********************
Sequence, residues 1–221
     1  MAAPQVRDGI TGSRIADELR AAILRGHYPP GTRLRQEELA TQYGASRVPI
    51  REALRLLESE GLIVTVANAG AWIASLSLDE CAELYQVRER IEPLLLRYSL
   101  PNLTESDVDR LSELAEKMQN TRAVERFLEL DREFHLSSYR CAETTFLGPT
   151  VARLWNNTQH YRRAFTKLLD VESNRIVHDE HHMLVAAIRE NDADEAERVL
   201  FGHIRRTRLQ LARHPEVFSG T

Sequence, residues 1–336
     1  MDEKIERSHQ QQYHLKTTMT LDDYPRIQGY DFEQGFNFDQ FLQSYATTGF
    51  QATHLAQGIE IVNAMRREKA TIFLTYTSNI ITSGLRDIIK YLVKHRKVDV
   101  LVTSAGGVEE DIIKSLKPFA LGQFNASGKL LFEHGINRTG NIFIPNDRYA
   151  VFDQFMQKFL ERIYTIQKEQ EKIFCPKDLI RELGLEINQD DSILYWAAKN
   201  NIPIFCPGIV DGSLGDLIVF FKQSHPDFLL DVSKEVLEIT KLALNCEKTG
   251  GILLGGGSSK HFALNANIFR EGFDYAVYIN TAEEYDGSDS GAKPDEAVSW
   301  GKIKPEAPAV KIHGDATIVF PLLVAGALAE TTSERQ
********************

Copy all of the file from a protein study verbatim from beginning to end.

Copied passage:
Sequence, residues 1–221
     1  MAAPQVRDGI TGSRIADELR AAILRGHYPP GTRLRQEELA TQYGASRVPI
    51  REALRLLESE GLIVTVANAG AWIASLSLDE CAELYQVRER IEPLLLRYSL
   101  PNLTESDVDR LSELAEKMQN TRAVERFLEL DREFHLSSYR CAETTFLGPT
   151  VARLWNNTQH YRRAFTKLLD VESNRIVHDE HHMLVAAIRE NDADEAERVL
   201  FGHIRRTRLQ LARHPEVFSG T

Sequence, residues 1–336
     1  MDEKIERSHQ QQYHLKTTMT LDDYPRIQGY DFEQGFNFDQ FLQSYATTGF
    51  QATHLAQGIE IVNAMRREKA TIFLTYTSNI ITSGLRDIIK YLVKHRKVDV
   101  LVTSAGGVEE DIIKSLKPFA LGQFNASGKL LFEHGINRTG NIFIPNDRYA
   151  VFDQFMQKFL ERIYTIQKEQ EKIFCPKDLI RELGLEINQD DSILYWAAKN
   201  NIPIFCPGIV DGSLGDLIVF FKQSHPDFLL DVSKEVLEIT KLALNCEKTG
   251  GILLGGGSSK HFALNANIFR EGFDYAVYIN TAEEYDGSDS GAKPDEAVSW
   301  GKIKPEAPAV KIHGDATIVF PLLVAGALAE TTSERQ